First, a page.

The fierce competition largely brought by the globalization of a knowledge-based economy provided n impetus for the Hong Kong government to endorse massive education reforms in 2000, as proposed by the Education Commission, as the central strategy to improve and sustain workforce quality and social justice through the provision of lifelong learning for all. The purpose of this article is to provide a preliminary analysis of the impact of reforms on lifelong learning thus far, through an examination of its implementation in the higher education sector and the operation of the qualifications framework. A comparison between the policymaking of the Education Commission and the Education Bureau was made to demonstrate how the process affected resulting policies and practices to achieve lifelong learning were discussed. Key recommendations for future success included balancing the conflicting demands and interests, using wisdom and tact, without losing sight of upholding the quality of educational outcomes. Copyright © 2008 Rowman & Littlefield Education.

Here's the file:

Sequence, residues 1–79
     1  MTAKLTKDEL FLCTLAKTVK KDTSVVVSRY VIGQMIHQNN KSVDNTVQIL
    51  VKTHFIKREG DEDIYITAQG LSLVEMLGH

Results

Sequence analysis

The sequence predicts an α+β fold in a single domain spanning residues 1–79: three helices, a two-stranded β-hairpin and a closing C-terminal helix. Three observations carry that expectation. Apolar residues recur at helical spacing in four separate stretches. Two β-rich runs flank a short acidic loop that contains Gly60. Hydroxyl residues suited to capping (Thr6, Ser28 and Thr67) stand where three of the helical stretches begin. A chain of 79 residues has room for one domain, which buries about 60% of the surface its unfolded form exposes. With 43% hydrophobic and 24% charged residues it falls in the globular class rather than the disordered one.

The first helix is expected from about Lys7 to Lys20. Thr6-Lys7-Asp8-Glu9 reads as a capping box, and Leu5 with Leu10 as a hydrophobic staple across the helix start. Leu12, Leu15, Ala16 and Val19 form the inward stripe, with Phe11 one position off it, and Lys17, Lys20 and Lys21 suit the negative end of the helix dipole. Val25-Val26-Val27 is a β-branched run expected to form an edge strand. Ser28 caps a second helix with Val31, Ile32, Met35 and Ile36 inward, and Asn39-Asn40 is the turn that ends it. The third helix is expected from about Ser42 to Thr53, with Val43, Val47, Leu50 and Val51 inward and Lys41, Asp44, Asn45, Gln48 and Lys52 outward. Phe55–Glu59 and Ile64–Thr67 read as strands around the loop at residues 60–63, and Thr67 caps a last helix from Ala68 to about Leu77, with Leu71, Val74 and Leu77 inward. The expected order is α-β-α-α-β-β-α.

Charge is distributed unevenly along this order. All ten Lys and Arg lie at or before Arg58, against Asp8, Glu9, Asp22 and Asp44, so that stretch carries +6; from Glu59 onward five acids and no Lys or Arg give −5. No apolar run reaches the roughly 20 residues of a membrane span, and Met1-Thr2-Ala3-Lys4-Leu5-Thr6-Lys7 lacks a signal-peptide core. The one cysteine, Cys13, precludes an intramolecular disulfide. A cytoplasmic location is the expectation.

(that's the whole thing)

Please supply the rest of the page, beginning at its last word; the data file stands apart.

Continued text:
|Journal||International Journal of Educational Reform|
|Publication status||Published - 2008|